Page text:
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We investigate the prospects for the capture of the proposed Planet 9 from other stars in the Sun's birth cluster. Any capture scenario must satisfy three conditions: the encounter must be more distant than ∼150 au to avoid perturbing the Kuiper belt; the other star must have a wide-orbit planet (a ≳ 100 au); the planet must be captured on to an appropriate orbit to sculpt the orbital distribution of wide-orbit Solar system bodies. Here we use N-body simulations to show that these criteria may be simultaneously satisfied. In a few per cent of slow close encounters in a cluster, bodies are captured on to heliocentric, Planet 9-like orbits. During the ∼100 Myr cluster phase, many stars are likely to host planets on highly eccentric orbits with apastron distances beyond 100 au if Neptune-sized planets are common and susceptible to planet–planet scattering. While the existence of Planet 9 remains unproven, we consider capture from one of the Sun's young brethren a plausible route to explain such an object's orbit. Capture appears to predict a large population of trans-Neptunian objects (TNOs) whose orbits are aligned with the captured planet, and we propose that different formation mechanisms will be distinguishable based on their imprint on the distribution of TNOs.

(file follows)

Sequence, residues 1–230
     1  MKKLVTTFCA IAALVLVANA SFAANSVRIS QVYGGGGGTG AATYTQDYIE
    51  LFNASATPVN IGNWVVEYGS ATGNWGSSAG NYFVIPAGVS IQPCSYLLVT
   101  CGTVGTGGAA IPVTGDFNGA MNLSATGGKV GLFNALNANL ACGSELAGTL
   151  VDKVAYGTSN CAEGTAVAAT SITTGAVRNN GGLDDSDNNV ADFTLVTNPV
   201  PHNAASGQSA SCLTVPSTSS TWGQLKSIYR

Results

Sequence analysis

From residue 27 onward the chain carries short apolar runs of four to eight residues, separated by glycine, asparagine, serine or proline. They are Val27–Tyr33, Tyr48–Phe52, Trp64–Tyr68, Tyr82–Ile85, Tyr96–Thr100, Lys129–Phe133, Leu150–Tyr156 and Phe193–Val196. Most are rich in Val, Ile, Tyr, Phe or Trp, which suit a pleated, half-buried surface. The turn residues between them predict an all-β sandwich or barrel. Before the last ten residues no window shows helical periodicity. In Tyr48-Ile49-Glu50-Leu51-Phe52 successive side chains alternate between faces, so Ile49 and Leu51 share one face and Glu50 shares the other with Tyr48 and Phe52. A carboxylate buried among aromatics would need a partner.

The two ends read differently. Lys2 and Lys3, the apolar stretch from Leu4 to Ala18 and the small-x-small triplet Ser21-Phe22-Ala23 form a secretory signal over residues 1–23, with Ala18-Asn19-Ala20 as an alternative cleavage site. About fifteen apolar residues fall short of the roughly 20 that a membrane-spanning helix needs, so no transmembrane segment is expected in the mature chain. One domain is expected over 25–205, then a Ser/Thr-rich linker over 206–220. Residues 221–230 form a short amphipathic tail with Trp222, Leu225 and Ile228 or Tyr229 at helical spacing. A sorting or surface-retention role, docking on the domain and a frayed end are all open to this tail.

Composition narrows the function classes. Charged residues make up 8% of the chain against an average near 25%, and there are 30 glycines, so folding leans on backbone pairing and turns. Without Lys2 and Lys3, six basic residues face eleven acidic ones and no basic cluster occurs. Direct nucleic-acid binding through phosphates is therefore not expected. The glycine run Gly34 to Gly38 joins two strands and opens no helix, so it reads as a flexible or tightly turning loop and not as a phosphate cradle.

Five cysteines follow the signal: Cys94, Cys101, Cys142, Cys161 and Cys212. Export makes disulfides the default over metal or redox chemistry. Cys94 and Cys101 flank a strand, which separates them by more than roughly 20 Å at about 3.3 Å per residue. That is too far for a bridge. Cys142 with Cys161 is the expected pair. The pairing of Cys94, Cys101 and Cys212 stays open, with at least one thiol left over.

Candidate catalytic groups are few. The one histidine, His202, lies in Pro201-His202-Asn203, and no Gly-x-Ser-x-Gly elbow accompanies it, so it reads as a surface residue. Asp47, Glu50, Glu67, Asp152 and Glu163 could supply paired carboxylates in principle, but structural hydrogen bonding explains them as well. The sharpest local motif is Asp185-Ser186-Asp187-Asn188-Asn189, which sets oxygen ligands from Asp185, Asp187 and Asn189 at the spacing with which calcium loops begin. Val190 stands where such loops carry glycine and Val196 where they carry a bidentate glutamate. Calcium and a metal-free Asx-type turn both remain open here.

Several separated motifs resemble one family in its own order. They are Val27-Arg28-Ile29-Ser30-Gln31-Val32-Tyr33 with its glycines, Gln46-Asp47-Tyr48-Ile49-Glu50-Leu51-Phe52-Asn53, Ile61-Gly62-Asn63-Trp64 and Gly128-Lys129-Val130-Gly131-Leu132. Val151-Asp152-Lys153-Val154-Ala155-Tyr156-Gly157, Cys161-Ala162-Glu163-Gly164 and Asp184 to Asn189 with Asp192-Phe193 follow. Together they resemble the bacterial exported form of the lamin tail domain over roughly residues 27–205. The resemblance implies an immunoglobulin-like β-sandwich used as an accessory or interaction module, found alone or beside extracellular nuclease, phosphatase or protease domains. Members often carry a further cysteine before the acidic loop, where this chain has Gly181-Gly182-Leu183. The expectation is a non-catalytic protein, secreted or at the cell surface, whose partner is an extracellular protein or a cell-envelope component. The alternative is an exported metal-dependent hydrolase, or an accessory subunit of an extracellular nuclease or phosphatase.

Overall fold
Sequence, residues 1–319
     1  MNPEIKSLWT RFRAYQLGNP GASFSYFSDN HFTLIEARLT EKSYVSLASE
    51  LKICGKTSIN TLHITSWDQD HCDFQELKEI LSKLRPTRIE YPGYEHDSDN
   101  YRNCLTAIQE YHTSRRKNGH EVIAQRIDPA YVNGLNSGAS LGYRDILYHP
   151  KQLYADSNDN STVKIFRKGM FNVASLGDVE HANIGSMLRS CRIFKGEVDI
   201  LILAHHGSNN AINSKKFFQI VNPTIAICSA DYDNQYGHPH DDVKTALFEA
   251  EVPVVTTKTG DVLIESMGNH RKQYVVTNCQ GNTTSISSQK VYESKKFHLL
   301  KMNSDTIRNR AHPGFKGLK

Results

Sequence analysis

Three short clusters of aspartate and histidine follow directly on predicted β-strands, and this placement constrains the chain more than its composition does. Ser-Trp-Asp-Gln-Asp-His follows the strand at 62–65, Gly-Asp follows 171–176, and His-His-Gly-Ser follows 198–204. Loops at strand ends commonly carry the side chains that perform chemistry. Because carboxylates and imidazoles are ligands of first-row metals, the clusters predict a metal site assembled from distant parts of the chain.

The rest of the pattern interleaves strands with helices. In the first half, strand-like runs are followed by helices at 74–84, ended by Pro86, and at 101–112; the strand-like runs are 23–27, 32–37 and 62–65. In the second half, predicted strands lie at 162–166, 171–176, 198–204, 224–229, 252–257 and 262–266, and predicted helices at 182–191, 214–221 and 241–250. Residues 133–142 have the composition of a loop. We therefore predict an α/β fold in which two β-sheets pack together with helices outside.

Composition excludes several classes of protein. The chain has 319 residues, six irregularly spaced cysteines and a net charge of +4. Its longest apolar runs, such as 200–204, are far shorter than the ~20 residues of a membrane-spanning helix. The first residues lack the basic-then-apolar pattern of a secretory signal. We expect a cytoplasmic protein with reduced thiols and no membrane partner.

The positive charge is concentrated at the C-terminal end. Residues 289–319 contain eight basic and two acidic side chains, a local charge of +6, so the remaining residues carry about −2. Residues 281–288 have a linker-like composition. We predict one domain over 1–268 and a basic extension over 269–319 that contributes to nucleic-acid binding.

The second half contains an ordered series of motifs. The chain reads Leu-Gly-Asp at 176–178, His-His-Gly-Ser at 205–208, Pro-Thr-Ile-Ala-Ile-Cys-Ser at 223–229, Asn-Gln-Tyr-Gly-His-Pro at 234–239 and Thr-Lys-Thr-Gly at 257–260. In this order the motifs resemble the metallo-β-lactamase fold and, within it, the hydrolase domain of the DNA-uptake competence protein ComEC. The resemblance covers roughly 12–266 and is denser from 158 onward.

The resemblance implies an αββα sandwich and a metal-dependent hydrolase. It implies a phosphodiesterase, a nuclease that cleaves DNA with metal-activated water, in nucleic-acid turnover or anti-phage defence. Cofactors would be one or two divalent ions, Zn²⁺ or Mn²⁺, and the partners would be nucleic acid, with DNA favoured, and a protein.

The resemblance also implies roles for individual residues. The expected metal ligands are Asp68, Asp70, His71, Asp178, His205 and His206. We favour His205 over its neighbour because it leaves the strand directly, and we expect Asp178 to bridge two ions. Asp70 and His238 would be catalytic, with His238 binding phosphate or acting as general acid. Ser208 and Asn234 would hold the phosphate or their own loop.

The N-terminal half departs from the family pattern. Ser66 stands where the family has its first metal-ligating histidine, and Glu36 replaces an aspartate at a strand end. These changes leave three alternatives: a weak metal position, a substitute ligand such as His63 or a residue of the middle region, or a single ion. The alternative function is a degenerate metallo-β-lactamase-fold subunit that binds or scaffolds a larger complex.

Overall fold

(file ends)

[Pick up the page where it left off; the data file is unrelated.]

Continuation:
|Monthly Notices of the Royal Astronomical Society: Letters
|Published - 2016 Jul 21
Subject classification (UKÄ)
- Astronomy, Astrophysics and Cosmology
- Kuiper belt: general
- planets and satellites: dynamical evolution and stability
- planets and satellites: individual: Planet 9
- planetary systems
- open clusters and associations: general
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